Masks to remain mandatory on London transport after national rule easing

·1-min read
People wearing protective face masks walk along a platform at King's Cross Station, amid the coronavirus disease (COVID-19) outbreak in London

LONDON (Reuters) - Masks will remain mandatory on London's public transport network after July 19, the city's mayor said on Wednesday, as Prime Minister Boris Johnson's government plans to lift most COVID-19 restrictions from that date in England despite rising cases.

The public will be expected, rather than compelled by law, to wear masks in indoor enclosed spaces across the country from next week, as rules decided upon by the Conservative administration are eased.

But in the capital, operator Transport for London (TfL), which is chaired by Mayor Sadiq Khan from the Labour Party, will continue to require face coverings on buses, trains and other parts of the transit system to keep down infections.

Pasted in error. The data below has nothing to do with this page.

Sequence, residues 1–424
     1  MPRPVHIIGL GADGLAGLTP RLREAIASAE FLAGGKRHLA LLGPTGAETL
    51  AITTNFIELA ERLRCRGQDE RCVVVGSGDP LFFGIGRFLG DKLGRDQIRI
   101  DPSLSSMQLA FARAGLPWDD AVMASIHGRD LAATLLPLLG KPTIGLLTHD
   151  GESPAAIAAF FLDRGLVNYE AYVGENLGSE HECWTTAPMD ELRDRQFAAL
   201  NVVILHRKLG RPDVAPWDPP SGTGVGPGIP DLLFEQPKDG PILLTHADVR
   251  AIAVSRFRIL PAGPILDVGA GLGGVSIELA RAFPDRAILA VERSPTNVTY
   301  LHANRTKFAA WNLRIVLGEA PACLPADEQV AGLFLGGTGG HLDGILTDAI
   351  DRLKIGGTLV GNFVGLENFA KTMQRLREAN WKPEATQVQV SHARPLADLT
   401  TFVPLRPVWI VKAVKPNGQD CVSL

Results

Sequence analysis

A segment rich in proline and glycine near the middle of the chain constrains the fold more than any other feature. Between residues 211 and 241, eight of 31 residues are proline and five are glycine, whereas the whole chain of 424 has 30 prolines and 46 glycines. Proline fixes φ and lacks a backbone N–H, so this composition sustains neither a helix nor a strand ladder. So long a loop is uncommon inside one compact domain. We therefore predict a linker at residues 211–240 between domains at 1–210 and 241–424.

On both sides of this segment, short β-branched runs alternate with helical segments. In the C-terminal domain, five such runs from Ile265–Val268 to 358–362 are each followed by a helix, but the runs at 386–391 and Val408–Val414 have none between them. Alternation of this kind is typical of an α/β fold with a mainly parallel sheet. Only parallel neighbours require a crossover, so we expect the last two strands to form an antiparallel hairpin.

Whilst the government cites Britain's vaccination drive as having largely broken the link between cases and serious illness or death, some scientists and public health officials are urging greater caution amid fears daily infections could reach 100,000.

"I’m not prepared to stand by and put Londoners, and our city’s recovery, at risk," Khan said in a statement.

"This is why, after careful consideration, I have decided to ask TfL to retain the requirement for passengers to wear a face covering on all TfL services when the national regulations change."

Ridership on Underground trains stands at roughly 40-45% of pre-pandemic levels whilst on buses the figure is at around 60-65%.

(Reporting by Costas Pitas. Editing by Andrew MacAskill)

Our goal is to create a safe and engaging place for users to connect over interests and passions. In order to improve our community experience, we are temporarily suspending article commenting